Serious TEAEs were reported in 3.9%, 4.4% and 9.5% of patients, respectively (table 2). Two deaths occurred in the lesinurad 400 mg+allopurinol group (pulmonary oedema and gastric cancer, respectively). TEAEs led to study-medication discontinuation in 5.3%, 3.4% and 9.5% of the allopurinol-alone, lesinurad 200 mg+allopurinol and lesinurad 400 mg+allopurinol groups, respectively; the most common TEAE leading to discontinuation was increased blood creatinine (1.0%, 0% and 2.5%, respectively).
Renal safety analyses
Renal-related TEAEs occurred in 4.9%, 5.9% and 15.0%, of allopurinol-alone, lesinurad 200 mg+allopurinol and lesinurad 400 mg+allopurinol groups, respectively. The most common renal-related TEAEs in these respective groups were increased blood creatinine (3.4%, 3.9%, 9.5%), increased blood urea (0%, 2.0%, 1.5%) and renal failure (0.5%, 1.0%, 1.5%). One patient (0.5%) in the allopurinol-alone group experienced a serious renal-related TEAE, versus no patients in the lesinurad 200 mg+allopurinol and two patients (1.0%) in the lesinurad 400 mg+allopurinol group. Kidney stone TEAEs were reported in 0.5%, 0% and 3.0%, respectively.
sCr elevation ≥1.5× baseline occurred in 3.4% (n=7), 5.9% (n=12) and 15.0% (n=30) of allopurinol-alone, lesinurad 200 mg+allopurinol and lesinurad 400 mg+allopurinol groups, respectively. sCr elevation ≥1.5× was transient and reversible in most cases and the majority of sCr elevations resolved by the time of the next assessment; there were three unresolved sCr elevations in the allopurinol-alone group at last visit versus none in the lesinurad 200 mg+allopurinol and seven in the lesinurad 400 mg+allopurinol group (see online supplementary table S1). sCr elevation ≥2.0× baseline occurred in 0%, 2.0% (n=4) and 8.0% (n=16) of patients, respectively. Again, most elevations ≥2.0× baseline were transient and reversible; no sCr elevations ≥2.0× were unresolved at last visit in the lesinurad 200 mg+allopurinol group and five cases were unresolved in the lesinurad 400 mg+allopurinol group. In approximately two-thirds of sCr elevations, resolution occurred while patients continued on study medication.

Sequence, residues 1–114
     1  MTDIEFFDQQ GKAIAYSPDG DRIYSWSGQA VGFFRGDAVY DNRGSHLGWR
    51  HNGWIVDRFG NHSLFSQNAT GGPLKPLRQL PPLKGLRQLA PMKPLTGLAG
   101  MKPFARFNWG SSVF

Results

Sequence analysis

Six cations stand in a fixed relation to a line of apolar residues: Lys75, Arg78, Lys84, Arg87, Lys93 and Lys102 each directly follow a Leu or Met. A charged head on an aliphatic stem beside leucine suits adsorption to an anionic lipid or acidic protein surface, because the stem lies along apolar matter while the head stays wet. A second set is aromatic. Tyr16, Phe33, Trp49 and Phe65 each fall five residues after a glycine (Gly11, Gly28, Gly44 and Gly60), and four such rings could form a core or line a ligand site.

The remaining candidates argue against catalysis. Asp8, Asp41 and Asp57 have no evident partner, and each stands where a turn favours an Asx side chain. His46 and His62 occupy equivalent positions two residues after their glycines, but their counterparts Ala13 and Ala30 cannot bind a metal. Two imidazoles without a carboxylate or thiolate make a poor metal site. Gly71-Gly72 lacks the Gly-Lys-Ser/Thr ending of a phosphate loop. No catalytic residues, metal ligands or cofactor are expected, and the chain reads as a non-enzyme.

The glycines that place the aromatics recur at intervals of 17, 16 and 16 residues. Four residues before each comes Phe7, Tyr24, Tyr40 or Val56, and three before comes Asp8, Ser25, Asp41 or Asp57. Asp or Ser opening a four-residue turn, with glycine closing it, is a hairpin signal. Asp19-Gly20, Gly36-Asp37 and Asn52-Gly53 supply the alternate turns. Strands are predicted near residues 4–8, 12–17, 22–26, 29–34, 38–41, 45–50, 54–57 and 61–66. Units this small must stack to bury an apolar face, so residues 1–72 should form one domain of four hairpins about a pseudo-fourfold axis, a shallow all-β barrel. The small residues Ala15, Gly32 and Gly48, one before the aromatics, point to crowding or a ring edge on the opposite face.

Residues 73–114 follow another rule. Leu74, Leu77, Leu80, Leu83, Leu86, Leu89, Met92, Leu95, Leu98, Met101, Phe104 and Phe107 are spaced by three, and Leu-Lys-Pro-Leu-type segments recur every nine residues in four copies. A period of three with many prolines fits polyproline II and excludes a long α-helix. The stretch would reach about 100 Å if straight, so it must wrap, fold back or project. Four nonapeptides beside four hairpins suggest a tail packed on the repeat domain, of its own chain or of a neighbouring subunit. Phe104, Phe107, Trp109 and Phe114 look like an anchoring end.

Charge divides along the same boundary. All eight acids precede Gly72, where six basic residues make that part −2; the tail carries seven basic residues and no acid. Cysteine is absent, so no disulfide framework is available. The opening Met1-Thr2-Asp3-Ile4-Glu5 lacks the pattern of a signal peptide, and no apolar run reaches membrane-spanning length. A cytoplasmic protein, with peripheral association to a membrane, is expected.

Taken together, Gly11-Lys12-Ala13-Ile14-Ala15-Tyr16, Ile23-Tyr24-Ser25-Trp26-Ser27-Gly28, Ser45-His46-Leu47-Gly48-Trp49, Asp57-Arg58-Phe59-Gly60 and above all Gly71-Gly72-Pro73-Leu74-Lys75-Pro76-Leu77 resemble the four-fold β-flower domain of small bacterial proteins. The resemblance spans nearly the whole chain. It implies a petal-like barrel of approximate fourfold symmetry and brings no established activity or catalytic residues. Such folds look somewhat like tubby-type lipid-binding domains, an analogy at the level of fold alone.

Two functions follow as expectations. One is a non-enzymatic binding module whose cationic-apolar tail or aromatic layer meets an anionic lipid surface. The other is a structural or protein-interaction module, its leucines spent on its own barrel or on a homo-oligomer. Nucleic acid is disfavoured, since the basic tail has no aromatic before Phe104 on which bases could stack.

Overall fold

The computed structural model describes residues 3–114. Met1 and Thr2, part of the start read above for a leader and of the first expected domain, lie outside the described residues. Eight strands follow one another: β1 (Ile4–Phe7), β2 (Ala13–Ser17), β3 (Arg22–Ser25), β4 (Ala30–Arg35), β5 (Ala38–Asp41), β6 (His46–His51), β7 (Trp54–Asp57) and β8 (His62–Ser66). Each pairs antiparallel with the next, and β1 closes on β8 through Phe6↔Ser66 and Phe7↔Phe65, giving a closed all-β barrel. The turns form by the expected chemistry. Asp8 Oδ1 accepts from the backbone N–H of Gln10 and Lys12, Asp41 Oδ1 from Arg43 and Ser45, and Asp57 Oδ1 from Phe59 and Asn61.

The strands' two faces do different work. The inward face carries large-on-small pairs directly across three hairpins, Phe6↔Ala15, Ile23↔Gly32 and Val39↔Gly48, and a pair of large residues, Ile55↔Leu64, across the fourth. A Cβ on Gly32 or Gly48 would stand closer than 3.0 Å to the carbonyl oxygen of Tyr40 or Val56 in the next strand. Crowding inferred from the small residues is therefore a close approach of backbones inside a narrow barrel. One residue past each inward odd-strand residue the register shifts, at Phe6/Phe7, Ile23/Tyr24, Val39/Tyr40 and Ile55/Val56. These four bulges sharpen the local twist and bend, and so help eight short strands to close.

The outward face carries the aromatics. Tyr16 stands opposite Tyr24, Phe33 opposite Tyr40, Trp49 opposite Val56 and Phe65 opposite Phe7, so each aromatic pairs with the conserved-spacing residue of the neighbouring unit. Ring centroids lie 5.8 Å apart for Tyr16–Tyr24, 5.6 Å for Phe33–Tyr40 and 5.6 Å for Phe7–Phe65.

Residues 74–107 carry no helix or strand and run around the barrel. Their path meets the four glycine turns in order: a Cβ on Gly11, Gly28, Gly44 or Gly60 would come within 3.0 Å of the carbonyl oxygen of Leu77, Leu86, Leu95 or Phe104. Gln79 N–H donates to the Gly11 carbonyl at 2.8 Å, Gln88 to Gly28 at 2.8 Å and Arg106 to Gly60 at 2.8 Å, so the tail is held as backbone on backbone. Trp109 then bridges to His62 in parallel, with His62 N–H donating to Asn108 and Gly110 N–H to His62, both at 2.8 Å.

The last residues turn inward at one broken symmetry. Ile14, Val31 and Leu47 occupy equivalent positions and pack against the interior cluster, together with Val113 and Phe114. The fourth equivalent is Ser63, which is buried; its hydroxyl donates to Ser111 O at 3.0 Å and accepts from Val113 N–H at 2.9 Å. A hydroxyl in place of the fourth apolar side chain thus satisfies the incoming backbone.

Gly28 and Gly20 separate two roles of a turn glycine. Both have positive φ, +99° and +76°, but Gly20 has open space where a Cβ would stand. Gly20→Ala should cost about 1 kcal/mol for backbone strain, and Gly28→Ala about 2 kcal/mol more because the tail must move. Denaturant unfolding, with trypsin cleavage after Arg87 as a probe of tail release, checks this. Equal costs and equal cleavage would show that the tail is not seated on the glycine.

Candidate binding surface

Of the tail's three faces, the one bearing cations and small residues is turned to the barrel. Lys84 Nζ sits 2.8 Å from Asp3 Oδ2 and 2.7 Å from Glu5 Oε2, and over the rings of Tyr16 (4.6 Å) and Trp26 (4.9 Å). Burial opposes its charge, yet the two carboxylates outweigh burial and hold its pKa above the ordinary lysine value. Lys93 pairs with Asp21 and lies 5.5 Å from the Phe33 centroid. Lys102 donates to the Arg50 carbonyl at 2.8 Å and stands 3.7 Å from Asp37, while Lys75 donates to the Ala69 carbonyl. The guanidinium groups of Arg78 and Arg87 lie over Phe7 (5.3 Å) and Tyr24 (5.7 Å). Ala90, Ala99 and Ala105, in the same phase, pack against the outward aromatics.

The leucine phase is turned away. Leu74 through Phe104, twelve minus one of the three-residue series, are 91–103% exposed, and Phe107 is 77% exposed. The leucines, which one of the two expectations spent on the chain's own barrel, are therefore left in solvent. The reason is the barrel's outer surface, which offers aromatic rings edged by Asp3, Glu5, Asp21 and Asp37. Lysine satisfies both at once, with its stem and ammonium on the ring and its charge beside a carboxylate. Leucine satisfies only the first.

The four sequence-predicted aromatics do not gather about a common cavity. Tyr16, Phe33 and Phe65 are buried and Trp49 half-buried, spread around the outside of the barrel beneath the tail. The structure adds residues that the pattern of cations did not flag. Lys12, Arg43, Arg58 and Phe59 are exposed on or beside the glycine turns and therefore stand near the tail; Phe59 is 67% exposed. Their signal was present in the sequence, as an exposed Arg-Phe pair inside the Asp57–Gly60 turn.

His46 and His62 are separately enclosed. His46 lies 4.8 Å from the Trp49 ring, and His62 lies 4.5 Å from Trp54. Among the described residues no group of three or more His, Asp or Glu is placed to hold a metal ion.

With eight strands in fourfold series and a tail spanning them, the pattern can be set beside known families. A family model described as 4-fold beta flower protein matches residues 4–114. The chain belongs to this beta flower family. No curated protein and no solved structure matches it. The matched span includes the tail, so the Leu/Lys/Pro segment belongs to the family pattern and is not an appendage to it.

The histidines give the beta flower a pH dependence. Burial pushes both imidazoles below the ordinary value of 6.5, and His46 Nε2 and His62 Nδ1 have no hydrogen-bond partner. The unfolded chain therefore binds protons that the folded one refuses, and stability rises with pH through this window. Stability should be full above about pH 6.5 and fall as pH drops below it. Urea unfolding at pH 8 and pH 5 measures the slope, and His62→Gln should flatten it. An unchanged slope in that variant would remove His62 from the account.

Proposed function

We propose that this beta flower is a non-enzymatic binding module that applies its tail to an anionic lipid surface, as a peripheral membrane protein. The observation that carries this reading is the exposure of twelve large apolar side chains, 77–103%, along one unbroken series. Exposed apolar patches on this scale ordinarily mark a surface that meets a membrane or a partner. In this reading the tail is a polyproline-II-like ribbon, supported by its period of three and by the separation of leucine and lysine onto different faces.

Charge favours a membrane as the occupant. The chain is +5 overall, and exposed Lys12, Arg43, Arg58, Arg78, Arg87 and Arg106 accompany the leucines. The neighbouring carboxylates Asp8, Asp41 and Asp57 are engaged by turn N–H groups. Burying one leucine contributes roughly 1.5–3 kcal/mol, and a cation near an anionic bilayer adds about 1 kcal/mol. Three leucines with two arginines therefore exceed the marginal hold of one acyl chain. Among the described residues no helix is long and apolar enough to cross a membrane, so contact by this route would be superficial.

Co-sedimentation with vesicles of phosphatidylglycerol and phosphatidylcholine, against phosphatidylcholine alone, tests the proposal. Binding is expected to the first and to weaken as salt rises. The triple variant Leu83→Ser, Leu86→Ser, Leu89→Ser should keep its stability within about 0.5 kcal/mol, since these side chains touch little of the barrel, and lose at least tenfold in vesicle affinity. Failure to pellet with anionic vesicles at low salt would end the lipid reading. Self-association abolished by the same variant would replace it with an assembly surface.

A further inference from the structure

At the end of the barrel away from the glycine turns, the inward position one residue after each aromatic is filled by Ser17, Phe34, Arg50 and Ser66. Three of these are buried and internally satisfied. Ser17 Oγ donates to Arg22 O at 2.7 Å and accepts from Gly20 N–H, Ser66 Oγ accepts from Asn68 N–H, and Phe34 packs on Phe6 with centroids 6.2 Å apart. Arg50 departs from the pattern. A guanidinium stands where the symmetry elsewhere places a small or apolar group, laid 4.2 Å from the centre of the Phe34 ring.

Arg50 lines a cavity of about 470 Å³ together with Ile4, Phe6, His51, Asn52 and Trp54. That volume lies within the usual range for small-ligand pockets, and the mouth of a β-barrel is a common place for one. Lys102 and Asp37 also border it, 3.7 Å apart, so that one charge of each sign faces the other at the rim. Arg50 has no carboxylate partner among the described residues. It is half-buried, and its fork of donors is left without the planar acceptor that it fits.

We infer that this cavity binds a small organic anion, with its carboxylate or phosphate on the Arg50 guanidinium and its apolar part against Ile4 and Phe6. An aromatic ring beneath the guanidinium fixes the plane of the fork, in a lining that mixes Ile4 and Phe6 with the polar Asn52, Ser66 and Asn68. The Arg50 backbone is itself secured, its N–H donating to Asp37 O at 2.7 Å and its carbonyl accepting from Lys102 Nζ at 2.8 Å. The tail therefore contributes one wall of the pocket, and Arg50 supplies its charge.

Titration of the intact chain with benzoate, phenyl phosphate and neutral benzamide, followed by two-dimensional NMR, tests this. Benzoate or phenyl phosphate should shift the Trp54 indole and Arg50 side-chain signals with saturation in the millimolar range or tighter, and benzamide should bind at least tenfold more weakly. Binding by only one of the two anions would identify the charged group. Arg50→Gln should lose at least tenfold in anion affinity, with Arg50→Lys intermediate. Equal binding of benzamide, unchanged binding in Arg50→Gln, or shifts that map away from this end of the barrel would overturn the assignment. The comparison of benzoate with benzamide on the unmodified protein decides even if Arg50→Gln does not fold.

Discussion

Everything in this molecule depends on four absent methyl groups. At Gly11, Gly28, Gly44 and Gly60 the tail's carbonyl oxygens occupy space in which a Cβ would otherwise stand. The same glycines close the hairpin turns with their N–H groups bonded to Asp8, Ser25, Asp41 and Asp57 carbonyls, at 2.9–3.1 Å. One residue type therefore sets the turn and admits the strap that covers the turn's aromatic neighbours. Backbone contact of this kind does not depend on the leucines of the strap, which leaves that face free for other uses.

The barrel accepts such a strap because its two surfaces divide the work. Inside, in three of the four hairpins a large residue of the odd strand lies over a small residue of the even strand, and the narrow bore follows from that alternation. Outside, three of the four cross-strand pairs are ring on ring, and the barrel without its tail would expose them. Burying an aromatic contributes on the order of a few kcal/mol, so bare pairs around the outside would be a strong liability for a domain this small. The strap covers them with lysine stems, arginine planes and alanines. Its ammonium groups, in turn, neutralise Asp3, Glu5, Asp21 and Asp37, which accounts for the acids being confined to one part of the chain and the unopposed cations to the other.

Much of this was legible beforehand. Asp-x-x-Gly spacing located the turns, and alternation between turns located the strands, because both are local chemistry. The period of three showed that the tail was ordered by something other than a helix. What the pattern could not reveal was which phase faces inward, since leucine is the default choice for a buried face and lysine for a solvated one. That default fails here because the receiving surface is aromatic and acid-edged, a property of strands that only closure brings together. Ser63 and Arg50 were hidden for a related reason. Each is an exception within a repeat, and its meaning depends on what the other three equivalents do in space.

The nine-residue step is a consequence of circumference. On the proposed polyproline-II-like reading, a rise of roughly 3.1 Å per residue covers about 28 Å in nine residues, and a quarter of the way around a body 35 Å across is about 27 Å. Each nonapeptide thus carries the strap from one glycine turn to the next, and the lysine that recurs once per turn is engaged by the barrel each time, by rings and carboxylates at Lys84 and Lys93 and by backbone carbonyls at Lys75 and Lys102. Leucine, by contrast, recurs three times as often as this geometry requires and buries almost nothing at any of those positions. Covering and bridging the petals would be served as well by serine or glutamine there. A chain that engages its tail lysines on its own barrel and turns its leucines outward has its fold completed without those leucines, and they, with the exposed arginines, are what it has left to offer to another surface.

In all treatment groups, proportions of patients with an sCr elevation ≥1.5× baseline tended to be higher for patients (1) who were taking an NSAID than colchicine; (2) who did not achieve target sUA at month 6 versus responders and (3) who had one or more tophi at screening versus those without tophi, although small subgroup sizes render interpretation difficult (see online supplementary table S2). There was no apparent association between sCr elevation and baseline renal function or other concomitant medications.
Renal function remained stable across the treatment groups, as measured by mean (SD) changes in eCrCl, from baseline to last value. Mean (±SD) changes in eCrCl in the allopurinol-alone, lesinurad 200 mg+allopurinol and lesinurad 400 mg+allopurinol groups were 3.0±9.7, −0.5±11.5 and −5.7±13.9 mg/dL, respectively, from baseline to last value on treatment and were 1.8±11.7, 2.7±10.0 and 1.1±24.2 mg/dL from baseline to last value off treatment at follow-up (in patients not entering a separate extension study, n=133).
CV safety analyses
TEAEs were adjudicated as CV events in 5.3% (n=11 patients), 3.9% (n=8 patients) and 3.0% (n=6 patients) of allopurinol-alone, lesinurad 200 mg+allopurinol and lesinurad 400 mg+allopurinol groups, respectively. CEAC-adjudicated criteria for MACE were met by three patients (four events, including three MIs and one death due to pulmonary oedema), all in the lesinurad 400 mg+allopurinol group. Non-MACE CV end points were reported in five patients (five events), two patients (two events) and no patients, respectively.
Other clinical laboratory tests and vital signs
Clinical laboratory results (excluding renal laboratory results, reported above) and urinalysis were comparable between treatment groups. Elevations in creatine kinase >5× upper limit of normal were in 5.3%, 2.0% and 3.0% of allopurinol-alone, lesinurad 200 mg+allopurinol and lesinurad 400 mg+allopurinol groups, respectively. There were no notable changes in vital signs.